A poem by Charles Farmer
You were something in make-up, with borrowed credit cards,
mispronouncing starters on the brunch menu, punching me on my right shoulder after we saw Rothko’s “73,”
your way of making the moment more than a field trip.
You even tried to pay for parking with handfuls of change.
But you are best in minimum wage sundresses,
drinking beer in parking lots, when my ex-wife knew you were a threat
“Umbrellas, We at the Wash and Fold”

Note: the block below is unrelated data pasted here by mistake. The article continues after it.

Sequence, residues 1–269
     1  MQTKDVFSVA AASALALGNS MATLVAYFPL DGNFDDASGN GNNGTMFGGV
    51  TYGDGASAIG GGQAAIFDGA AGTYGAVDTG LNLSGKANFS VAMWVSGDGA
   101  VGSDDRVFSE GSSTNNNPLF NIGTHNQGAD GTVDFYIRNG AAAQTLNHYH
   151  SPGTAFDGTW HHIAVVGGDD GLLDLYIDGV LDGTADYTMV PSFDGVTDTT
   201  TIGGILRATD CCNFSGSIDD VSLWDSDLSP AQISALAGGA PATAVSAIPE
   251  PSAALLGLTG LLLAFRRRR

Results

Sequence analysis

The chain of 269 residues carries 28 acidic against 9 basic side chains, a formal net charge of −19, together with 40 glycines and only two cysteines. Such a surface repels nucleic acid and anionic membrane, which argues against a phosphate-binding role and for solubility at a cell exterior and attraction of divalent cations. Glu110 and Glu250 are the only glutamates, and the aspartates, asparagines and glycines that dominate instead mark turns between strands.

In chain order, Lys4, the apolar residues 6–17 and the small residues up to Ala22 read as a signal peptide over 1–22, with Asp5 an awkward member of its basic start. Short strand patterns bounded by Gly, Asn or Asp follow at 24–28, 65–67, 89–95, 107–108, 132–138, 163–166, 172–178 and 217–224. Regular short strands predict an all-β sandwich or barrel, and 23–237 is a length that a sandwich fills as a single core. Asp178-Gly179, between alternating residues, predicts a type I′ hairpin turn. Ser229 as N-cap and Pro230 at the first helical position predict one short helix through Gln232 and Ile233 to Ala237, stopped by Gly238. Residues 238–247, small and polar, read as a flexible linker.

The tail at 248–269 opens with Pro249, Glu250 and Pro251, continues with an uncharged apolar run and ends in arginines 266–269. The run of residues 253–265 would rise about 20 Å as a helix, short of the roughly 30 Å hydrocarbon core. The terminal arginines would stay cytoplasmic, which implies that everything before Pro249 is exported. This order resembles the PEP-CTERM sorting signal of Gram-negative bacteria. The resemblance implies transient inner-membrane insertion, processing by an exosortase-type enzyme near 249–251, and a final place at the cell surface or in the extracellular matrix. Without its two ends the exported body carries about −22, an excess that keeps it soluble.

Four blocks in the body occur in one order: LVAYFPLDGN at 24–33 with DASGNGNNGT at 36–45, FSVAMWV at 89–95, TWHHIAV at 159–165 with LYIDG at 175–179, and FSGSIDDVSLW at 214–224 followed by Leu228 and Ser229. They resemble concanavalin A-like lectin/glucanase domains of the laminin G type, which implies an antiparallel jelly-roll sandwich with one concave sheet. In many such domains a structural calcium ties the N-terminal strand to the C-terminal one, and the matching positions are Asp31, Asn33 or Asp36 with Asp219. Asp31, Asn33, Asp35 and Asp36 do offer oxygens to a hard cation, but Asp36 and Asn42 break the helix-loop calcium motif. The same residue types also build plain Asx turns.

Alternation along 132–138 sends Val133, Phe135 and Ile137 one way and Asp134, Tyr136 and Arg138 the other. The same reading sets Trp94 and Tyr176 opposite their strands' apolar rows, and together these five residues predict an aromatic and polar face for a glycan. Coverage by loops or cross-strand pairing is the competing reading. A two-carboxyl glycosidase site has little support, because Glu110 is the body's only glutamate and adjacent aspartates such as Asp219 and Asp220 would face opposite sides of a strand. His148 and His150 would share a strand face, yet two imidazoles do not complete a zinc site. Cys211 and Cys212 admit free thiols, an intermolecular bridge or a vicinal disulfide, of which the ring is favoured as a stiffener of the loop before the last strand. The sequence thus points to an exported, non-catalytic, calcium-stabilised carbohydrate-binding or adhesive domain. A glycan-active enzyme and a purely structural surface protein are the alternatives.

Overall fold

Why do I keep listening to Beethoven’s ninth?
The neighbors ask me to turn it down,
and they have knocked on the door with police as ridiculous escorts.
Maybe it is because of your freckles,
your eyebrows The Anne Bancroft highlights, The homemade dresses ,
You searching for lipstick after each drink Your accent that skins each word like a razor, Y
ou describing yourself as mouthy
But it is probably the thought of you teaching ballet or sewing, A
ll dash and bloom, Balance and beautiful